The Edinburgh Playhouse, Edinburgh, Scotland

16/08/2014 - 17/08/2014

ASB Theatre, Aotea Centre, Auckland

06/03/2015 - 07/03/2015

Auckland Arts Festival 2015

Edinburgh International Festival 2014

Production Details

Following his acclaimed performances of Tempest: Without a Body and Birds with Skymirrors during Festival 2010, Lemi Ponifasio returns with another stunning work, exploring the legacy of the First World War and the seismic impact the conflict had around the world. 

Through an intoxicating mix of extreme physicality, poetic movement, striking imagery and a dynamic interplay of light and darkness, I AM takes inspiration from artist Colin McCahon’s ground-breaking painting Victory over Death 2, exploring identity, conflict and the power of art to transform and elevate us in counterbalance to the horrors wrought by war. 

New Zealand’s most innovative international contemporary dance and theatre company, led by one of the most distinctive choreographers working today, MAU tackle issues of politics, race, tradition and mythology through a dynamic combination of ideas and influences, performed by a community of dancers drawn from all walks of life. 

 “Both Tempest: Without a Body and Birds with Skymirrors touched viewers in a very deep and unexpected way, and I for one will never forget them” – The Scotsman, Festival 2010 

“Physically extraordinary and imaginatively charged – The Guardian, Festival 2010 

Please note this performance contains nudity.

The Edinburgh Playhouse 
16 – 17 August 2014
Running time: 1 hour and 50 minutes approximately





“A proliferation of striking, unforgettable images… nothing short of epic” – The Scotsman, Edinburgh

“It is impossible to encapsulate fully this mesmeric performance”  – The Guardian, UK





6 March – 7 March 2015

Aotea Centre

Powerful, immersive and visionary I AM makes its New Zealand debut 6 – 7 March 2015, as part of Auckland Arts Festival 2015.

The latest internationally-acclaimed creation from MAU and the brilliant artistic mind of Samoan-New Zealand director, Lemi Ponifasio, I AMexplores thelegacy of the First World War and the seismic impact the conflict had around the world.

Against a visual backdrop of Colin McCahon’s Victory over death 2 (1970), and a dynamic interplay of light and darkness by Helen Todd, MAU’s performers communicate using a mix of extreme physicality and moving beauty, a mix of dance performance and apocalyptic vision.

At its core, the themes of identity, conflict and the power of art to transform and elevate.

A pioneer in the development of contemporary Pacific theatre and dance, Lemi Ponifasio is known for his radical approach to the theatre. He presents his work at major theatres and festivals internationally including Theatre de la Ville Paris, Holland Festival, Southbank Centre London, the Venice Biennale, the Lincoln Center New York, Edinburgh International Festival and also throughout the Pacific Islands.

Ponifasio’s unbending directorial conviction and distinctive aesthetic make MAU one of the world’s most innovative visual-theatre companies. Garnering accolades from audiences and critics in Europe, the Americas, Asia, Australia and the Pacific, MAU’s trademark, genre-defying performances challenge what it means to be human.

With generous support from the First World War Centenary WW100 through the Creative New Zealand WW100 Co-Commissioning Fund.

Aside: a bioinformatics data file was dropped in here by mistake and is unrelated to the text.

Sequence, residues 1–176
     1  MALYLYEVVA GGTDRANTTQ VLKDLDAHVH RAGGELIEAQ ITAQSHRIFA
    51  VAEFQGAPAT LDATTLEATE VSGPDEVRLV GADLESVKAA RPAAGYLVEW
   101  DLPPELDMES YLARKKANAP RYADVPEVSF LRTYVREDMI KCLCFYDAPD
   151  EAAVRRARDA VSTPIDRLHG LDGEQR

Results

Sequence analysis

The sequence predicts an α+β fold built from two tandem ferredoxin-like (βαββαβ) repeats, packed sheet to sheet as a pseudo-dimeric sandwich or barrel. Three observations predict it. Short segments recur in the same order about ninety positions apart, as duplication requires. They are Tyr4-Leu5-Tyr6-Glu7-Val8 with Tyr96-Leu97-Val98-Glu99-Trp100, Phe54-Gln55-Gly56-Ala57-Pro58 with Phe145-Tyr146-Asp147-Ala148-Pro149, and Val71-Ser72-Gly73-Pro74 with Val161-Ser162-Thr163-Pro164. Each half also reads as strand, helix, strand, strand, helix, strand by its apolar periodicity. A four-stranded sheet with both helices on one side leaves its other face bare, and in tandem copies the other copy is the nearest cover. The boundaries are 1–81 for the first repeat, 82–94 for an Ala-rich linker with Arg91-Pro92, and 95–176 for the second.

Auckland Arts Festival
6 & 7 March 2015
ASB Theatre, Aotea Centre
Bookimgs: http://www.ticketmaster.co.nz/Mau-tickets/artist/1967975

Costumes Kasia Pol
Production Susana Lei'ataua

Sound composition Lemi Ponifasio and Marc Chesterman (including sound track from PARADISE)
Moteatea (traditional sung Maori poetry) Ria Te Uira Paki

Sound director : Sebastian Schottke

MAU Performers: Arikitau Tentau, Bainrebu Tonganibeia, Charles Koroneho, Gabriel Castillo, Helmi Prasetyo (Teater Ruang),  Ioane Papalii, Kasina Campbell, Maereke Teteka, Peter Saena-Brown,  Ria Te Uira Paki, Rosie Te Rauawhea Belvie, Nina Arsenault, Peresetene Afato, Terry Faleono

with the participation of : Caitlin Davey, Lydia Connolly-Hiatt, Amy Mauvan, Lisa Greenfield, Tallulah Holly-0Massey, Jahra wasasala, Xin Cheng, Chelsea baxter

Paintings: Colin McCahon Victory over death 2 and I applied my mind

References: Hamlet-machine Heiner Muller; Pour en finir avec le jugement de dieu  Antonin Artaud

Spectacle , Performance installation , Pacific traditional dance forms , Pasifika contemporary dance , Multi-discipline , Dance ,

1hr 50mins

Cosmological figures in play

Review by Raewyn Whyte 20th Mar 2015

As the work continues, played out against the rumbling, thundering score first created for Paradise (2003), with vibrating sub-sonics invading the bodies of the audience, other familiar cosmological figures take their pivotal places. The seemingly ancient bent-double walking Monkey Man (Helmi Prasetyo) provides a symbol of human evolution, the destructive power of bombs, and human resentment of the power ascribed to the Gods 

Read the review


Make a comment

I AM: ASB Theatre

Review by Bernadette Rae 07th Mar 2015

Activism through art specialist Lemi Ponifasio and Mau take Colin McCahon’s iconic painting as a huge and architectural backdrop to their spellbinding tribute to the fallen of World War 1 – and take its sub title “Victory Over Death 2” to the very heart. The giant image emerges magically from a tilting back panel that initially portrays a darkly monochromatic abstract that might be the geological strata of an ancient earth, trench viewed: and, at work’s end, a climactic torrent of waterfall that fails to completely obliterate the dreadful detritus of what has gone before, in spite of its cleansing power.

Read the review


Make a comment

Shouting to the void

Review by Jesse Quaid 07th Mar 2015

I AM; a powerful statement of self, a shout into the void. The desire to be seen lies at the heart of Lemi Ponifasio’s latest work, delivering stillness, fury and a vehement certainty in the face of an uncaring universe. The inhabitants of this starkly lit space have too many faults to be uncertain lest their world crumble down around them.